If France goes the way of whole-hog Islamophobia will Europe too?
French Muslims have become the target of a marked increase in Islamophobic violence and actions, as well as incendiary statements by politicians, over the last two years, according to a report by a leading anti-racism observatory.
The number of racist acts against Muslims in France is increasing “alarmingly”, according to the country’s National Observatory of Islamophobia, whose president has called for overt Islamophobia to be taken as seriously as anti-Semitism, which is a criminal offence in France.
According to a report by the Observatory, which claims to fight “all forms of racism and xenophobia”, “in 2011 the number [of anti-Muslim attacks] was up 34% on the previous year … but what is happening in 2012 is alarming. Between January and the end of October there were 175 reported Islamophobic acts, a 42% increase compared with the same period in 2011.”
The report highlighted the occupation of a building site of a new mosque in Poitiers, near Paris, by 74 members of the extreme-right splinter group “Generation Identity”, who chanted hostile “warlike” slogans against Islam and Muslims.
The Observatory’s President Abdallah Zekri told France 24 that the rise in anti-Muslim sentiment in France could be partly explained by “the tense socio-political atmosphere in France being driven by a resurgence of the far right”.
This resurgence was demonstrated in the 2012 presidential election, when Marine Le Pen, leader of the anti-immigration and anti-Europe National Front (FN), won 17.9% of the vote in the first round, a record for the party.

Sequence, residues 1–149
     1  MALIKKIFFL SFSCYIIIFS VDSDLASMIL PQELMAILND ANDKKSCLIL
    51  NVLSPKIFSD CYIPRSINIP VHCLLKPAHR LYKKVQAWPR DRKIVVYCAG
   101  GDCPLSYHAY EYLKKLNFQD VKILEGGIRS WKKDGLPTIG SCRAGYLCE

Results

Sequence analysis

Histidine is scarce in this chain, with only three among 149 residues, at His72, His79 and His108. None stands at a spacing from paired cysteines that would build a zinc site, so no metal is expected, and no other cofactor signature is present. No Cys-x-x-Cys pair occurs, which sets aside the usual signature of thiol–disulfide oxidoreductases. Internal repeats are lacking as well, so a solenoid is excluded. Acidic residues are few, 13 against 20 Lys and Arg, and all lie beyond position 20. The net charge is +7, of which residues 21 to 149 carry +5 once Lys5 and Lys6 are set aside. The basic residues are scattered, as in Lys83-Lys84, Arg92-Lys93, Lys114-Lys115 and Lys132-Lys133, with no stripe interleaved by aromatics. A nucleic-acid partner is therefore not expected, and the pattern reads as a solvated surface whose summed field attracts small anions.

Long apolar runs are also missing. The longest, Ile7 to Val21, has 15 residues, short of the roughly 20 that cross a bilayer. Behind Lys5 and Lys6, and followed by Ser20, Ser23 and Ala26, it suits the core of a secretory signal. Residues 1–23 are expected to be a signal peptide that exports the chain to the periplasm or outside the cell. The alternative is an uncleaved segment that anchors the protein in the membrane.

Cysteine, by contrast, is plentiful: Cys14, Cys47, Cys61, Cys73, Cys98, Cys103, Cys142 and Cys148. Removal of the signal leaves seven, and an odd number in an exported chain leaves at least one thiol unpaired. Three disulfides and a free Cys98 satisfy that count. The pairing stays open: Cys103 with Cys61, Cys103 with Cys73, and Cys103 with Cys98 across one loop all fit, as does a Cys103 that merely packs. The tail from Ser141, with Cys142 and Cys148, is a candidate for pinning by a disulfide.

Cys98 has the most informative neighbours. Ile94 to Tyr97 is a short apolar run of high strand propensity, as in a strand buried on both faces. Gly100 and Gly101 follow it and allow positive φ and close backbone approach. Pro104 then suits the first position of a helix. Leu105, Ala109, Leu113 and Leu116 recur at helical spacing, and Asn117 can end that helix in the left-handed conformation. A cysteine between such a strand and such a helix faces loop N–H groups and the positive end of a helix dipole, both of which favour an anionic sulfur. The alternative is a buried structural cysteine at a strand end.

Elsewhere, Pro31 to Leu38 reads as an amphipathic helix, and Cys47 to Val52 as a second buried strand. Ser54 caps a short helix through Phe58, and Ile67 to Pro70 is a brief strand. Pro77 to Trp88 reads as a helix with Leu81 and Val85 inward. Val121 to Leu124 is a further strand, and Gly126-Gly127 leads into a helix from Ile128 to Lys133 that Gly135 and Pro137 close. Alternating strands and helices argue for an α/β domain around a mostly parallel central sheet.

“This tension has also contributed to a radicalisation of the political rhetoric of some mainstream politicians who exploit racial tensions for populist political gains,” Zekri said.
Zekri also blamed the debate on “national identity that was launched by former president Nicolas Sarkozy and the law (pushed through under Sarkozy’s government) banning the wearing of face-covering Islamic veils.”
He added that the killings of seven people, including a young rabbi and three Jewish children in and around Toulouse in March by an al-Qaeda-linked French gunman, “had been seized upon by political figures to target the Muslim community, the vast majority of which condemned these murders.”
Furthermore, Zekri explained that the figures in the Observatory’s report only include “actions or threats against French Muslims that are directly linked to the fact that they are Muslims and when those people or their property are physically threatened.”
The report stipulates: “The figures do not include acts of discrimination against Muslims or Islam generally, such as the rhetoric and declarations of certain politicians and their parties who openly stigmatise the Muslim faith, or in protests by ‘Identity’ groups chanting slogans that are openly hostile to Islam.”
“All forms of racial and religious intolerance are contrary to the values of the French Republic and should be dealt with accordingly,” said Zekri.
Zekri told France 24 that he had asked President François Hollande to create a parliamentary commission to study the rise of anti-Muslim sentiment in France and to make it an issue of national importance “to bring Islamophobia in line with anti-Semitism, which is punishable under French law.”